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As expected, the Regulations will make it unlawful for an employer to require an employee to retire simply because they have reached the age of 65 (the Default Retirement Age).
At present employers are required to give their staff notice of retirement between 6 and 12 months prior to the termination of their employment and to allow them to request to work beyond the age of 65. Due to this the Regulations also include some transitional provisions which deal with those employees who are given notice before 6 April 2011. These provide employers with the opportunity to continue with their intention to retire these employees as long as the notice is given before 6 April 2011 and the employee reaches the age of 65 on or before 30 September 2011.
However, there is still some uncertainty as to whether such retirements will be permitted to take effect after 01 October 2011, as it had originally been thought that this would be the cut off date. It now appears that retirements under the Default Retirement Age may continue up to 05 April 2012 as this will be the last date on which the maximum 12 months notice can be given.
The Regulations also make it clear that it will not be unlawful to cease providing insurance benefits to employees when they reach the age of 65.
New regulations to implement the change are expected to be published shortly making it unlawful to compel an employee to retire when they reach the age of 65.
As the phasing out period is due to start in April, employers only have a short time in which to take advantage of the Default Retirement Age while it is still available. Employers should carefully assess the implications that this change will have on the make-up of their workforce and, where necessary, initiate the retirement process for those employees who will be 65 before October 2011.
Employers may have breathed a sigh of relief towards the end of last year when the Government successfully defended the legal challenge to the Default Retirement Age made by Age Concern and Help the Aged (widely known as the “Heyday” case), however, things are not quite as they seem.
The judge in the Heyday case placed weight on the fact that the Default Retirement Age of 65 was scheduled to be reviewed in 2010 and he indicated that any attempt to keep the Default Retirement Age at 65 would be unlikely to be lawful, particularly in light of the current climate.
There are currently more than 1.4 million people working past state pension age, according to recent labour market figures from the Office of National Statistics. This is up from 1.2 million people the year before.
The Government has recently concluded a wide-ranging consultation exercise to gather views and opinions from people who have experienced the Default Retirement Age in operation. This consultation closed on 1 February 2010 and we all wait with interest to learn if it’s findings.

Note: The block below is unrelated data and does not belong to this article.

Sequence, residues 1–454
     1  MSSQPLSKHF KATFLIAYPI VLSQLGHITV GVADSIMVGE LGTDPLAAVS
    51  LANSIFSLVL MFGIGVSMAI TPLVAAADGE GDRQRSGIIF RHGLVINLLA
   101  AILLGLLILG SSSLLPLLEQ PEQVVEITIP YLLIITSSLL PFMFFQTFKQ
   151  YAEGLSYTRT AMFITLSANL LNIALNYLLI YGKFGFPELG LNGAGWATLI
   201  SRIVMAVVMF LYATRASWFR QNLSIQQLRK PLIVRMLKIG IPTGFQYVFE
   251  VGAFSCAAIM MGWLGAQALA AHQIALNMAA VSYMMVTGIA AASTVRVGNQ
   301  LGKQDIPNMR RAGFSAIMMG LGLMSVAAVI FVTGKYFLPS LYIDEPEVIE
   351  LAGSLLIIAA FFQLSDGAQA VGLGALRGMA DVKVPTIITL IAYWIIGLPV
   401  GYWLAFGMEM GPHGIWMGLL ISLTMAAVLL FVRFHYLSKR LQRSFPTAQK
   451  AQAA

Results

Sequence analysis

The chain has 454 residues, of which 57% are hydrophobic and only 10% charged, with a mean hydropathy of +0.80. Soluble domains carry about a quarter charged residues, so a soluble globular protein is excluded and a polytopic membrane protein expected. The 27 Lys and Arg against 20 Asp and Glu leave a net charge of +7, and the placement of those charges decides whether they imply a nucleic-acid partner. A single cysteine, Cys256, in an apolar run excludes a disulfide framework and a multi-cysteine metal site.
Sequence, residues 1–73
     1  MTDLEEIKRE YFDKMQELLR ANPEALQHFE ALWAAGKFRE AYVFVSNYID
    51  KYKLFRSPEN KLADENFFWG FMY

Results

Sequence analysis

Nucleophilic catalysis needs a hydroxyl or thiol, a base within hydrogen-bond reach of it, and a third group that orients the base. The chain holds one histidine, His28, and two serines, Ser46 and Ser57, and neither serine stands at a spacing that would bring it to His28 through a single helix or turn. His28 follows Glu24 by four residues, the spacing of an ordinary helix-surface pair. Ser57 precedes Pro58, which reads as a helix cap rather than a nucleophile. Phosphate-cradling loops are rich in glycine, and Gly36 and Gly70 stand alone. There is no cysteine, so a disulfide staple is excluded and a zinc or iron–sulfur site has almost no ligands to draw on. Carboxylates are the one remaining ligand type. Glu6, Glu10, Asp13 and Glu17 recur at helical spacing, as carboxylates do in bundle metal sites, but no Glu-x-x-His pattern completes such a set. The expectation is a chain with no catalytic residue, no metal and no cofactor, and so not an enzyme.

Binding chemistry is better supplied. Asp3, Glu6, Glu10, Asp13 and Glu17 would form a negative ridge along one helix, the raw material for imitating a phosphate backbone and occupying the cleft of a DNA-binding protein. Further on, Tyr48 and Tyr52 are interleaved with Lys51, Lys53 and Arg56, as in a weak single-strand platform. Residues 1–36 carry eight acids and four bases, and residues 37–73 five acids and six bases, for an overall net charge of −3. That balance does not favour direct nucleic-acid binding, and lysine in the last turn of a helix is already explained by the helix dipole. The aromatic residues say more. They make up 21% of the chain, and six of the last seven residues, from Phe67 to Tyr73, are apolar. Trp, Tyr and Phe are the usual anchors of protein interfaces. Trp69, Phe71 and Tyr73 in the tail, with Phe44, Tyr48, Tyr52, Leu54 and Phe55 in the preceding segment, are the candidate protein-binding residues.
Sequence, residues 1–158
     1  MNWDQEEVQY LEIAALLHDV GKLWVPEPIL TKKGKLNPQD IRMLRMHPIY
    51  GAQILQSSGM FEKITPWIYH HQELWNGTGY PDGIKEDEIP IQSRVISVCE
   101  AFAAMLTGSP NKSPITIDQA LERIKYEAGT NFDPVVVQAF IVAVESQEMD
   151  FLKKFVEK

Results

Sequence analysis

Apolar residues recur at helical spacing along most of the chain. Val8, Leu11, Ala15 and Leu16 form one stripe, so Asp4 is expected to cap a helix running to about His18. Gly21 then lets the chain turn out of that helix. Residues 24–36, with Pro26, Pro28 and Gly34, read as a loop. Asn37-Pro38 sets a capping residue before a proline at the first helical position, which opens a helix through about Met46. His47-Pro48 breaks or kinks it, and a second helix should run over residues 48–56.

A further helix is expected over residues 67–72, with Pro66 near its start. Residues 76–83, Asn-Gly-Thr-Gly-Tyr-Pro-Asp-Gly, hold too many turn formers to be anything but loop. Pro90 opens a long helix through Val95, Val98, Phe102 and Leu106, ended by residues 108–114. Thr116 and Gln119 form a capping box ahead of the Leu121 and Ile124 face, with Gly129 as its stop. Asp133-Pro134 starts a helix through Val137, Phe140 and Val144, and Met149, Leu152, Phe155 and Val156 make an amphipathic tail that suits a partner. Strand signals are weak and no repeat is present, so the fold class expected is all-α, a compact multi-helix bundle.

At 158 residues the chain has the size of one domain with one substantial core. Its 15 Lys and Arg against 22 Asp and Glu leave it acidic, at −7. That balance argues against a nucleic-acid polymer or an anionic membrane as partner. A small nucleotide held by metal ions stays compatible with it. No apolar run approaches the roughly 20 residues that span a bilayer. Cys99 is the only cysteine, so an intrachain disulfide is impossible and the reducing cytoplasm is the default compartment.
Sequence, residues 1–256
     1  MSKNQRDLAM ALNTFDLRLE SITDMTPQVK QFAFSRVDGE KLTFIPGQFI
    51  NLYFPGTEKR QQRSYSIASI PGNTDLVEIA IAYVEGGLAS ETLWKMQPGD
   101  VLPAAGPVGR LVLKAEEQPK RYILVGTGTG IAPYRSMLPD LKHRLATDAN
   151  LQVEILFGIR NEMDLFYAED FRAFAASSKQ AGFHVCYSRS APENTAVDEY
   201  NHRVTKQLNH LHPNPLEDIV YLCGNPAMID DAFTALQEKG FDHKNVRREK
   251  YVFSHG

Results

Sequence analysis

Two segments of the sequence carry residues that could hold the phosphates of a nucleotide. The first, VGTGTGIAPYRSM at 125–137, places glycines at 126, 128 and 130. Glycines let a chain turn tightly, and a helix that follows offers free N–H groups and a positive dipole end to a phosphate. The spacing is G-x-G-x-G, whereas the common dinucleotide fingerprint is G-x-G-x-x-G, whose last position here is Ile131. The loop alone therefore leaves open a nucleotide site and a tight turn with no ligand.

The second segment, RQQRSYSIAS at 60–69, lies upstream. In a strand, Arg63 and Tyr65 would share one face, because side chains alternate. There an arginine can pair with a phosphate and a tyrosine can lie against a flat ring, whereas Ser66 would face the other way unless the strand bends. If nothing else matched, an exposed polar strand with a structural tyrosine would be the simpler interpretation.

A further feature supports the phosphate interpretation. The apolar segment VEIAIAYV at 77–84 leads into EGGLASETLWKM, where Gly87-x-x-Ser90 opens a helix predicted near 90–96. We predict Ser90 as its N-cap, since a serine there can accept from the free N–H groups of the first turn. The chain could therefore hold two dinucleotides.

Until the findings of the consultation are announced employers are left to speculate whether a Default Retirement Age of some form will be retained or whether it will be abolished altogether. One thing that seems certain, however, is that a Default Retirement Age of 65 will not remain.
For those who don’t know, state pension age is set to gradually increase to 68 by 2046. Therefore, state pension age is now 66 for people born on or after 6 April 1960, 67 for those born on or after 6 April 1969, and 68 for those born on or after 6 April 1978. Taking this into account it seems unlikely that the Government would allow a situation where people were prevented from working once they turned 65 yet were not allowed to draw a pension until 68.
Furthermore, in light of the comments from the judge in the Heyday case, it is unlikely the Government will want to provoke a further legal challenge as a result of clinging to a Default Retirement Age of 65.
The Government may decide to take a middle ground and simply increase the current Default Retirement Age from 65 to a higher age, say 68 or 70, perhaps incorporating a further review date in a few years. If this occurs then employers will be able to continue to utilise their current retirement procedures (albeit with slightly older employees).
However, many Government ministers have made comments about the changing demographics in Britain and the need of the law to reflect modern society and some have even gone so far as to say that a Default Retirement Age of 65 is arbitrary. This begs the question of what makes a Default Retirement Age of 68 or 70 any more arbitrary than 65.
Abolishing the Default Retirement Age and allowing employees to work indefinitely is likely to be met with opposition from employers who may not want to be required to employ an increasingly ageing workforce without the opportunity to introduce “new blood” into their organisation. Many employers would also not relish the prospect of having to dismiss someone who has had a long and successful career (but who refuses to retire) on capability grounds.
Whatever avenue the Government decides to take it seems that they will meet opposition and, whilst at this point in time they may choose the middle ground of increasing the Default Retirement Age, given the current trend in Britain towards an aging population who are staying in relatively good health, it seems that, in the long term, having any standard Default Retirement Age will be difficult to justify.
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